President Obama, along with the Democratic-led Senate and formerly Democratic-led House, touted the 2010 healthcare overhaul as a landmark law that would curb the rise in U.S. healthcare costs. However, according to a new report released last week by the Congressional Budget Office (CBO), reform programs akin to those endorsed by ObamaCare have neither abated healthcare costs nor salvaged any significant amount of government revenue.
In 2010, economist Peter R. Orszag and bioethicist Ezekiel J. Emanuel purported how ObamaCare’s reform measures would "accomplish" the fiscal pledge of these programs:
[The law's] pilot programs involving bundled payments will provide physicians and hospitals with incentives to coordinate care for patients with chronic illnesses: keeping these patients healthy and preventing hospitalizations will be financially advantageous…. And the secretary of health and human services (HHS) is empowered to expand successful pilot programs without the need for additional legislation.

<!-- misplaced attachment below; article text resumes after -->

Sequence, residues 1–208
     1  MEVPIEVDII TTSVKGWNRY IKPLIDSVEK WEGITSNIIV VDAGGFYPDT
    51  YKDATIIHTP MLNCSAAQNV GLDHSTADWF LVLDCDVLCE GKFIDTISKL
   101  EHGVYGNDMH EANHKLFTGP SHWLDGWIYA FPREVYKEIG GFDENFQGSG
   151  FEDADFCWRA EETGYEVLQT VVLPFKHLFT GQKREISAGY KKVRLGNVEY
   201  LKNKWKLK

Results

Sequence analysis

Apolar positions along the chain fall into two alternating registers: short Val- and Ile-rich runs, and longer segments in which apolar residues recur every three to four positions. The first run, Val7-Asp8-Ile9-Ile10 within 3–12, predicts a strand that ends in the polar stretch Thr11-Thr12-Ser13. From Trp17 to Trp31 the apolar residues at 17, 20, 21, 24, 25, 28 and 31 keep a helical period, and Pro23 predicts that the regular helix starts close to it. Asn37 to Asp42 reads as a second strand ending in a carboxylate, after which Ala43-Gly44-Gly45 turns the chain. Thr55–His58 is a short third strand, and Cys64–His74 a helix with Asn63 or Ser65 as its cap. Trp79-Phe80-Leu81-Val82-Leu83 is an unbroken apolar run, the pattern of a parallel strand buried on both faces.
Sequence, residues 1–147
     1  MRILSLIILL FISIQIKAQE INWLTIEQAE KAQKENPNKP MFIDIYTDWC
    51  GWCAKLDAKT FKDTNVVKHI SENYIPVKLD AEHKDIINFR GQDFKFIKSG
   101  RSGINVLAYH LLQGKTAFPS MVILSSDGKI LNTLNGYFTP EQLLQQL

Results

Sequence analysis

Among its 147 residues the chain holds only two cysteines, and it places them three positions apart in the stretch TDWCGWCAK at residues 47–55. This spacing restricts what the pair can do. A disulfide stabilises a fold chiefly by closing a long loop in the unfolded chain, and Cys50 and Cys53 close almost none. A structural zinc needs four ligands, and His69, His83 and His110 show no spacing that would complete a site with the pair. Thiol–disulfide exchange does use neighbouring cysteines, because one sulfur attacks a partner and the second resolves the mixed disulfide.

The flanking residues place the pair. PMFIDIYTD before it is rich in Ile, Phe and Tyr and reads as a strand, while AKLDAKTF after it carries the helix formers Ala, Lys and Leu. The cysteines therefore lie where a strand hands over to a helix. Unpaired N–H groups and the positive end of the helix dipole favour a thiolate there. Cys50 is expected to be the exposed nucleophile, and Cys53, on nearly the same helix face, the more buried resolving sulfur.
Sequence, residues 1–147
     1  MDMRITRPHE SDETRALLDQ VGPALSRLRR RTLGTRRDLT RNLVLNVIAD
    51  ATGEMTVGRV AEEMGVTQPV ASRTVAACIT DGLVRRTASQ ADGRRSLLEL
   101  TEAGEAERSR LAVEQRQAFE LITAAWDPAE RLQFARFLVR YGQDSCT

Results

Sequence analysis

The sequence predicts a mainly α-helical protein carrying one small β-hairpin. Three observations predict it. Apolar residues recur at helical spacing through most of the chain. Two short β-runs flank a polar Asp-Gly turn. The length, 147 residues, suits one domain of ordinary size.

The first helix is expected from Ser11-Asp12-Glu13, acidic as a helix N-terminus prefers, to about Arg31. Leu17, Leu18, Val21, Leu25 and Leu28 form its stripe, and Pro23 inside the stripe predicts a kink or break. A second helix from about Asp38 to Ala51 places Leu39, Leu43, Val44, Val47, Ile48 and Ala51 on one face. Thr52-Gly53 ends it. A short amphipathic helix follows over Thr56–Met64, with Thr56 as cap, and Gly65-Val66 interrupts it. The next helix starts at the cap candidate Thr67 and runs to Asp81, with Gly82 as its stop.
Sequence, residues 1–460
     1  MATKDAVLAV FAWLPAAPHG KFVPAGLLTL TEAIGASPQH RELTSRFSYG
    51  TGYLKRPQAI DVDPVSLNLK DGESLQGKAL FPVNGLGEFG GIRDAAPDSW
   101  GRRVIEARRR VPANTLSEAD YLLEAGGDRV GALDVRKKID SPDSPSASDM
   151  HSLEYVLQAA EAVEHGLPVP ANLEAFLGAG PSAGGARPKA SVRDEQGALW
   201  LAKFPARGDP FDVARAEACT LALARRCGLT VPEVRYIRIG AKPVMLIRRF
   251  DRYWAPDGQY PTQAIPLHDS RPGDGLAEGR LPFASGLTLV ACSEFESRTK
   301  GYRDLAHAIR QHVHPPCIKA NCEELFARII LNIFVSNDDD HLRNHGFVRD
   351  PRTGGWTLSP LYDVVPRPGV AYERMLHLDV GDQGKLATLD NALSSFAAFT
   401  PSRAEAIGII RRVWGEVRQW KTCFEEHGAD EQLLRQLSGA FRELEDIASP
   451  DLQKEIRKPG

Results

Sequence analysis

Adding to Orszag’s and Emanuel’s ambitious claim that ObamaCare would reduce costs and curtail government spending, physician and journalist Atul Gawande wrote in a December 2009 article:
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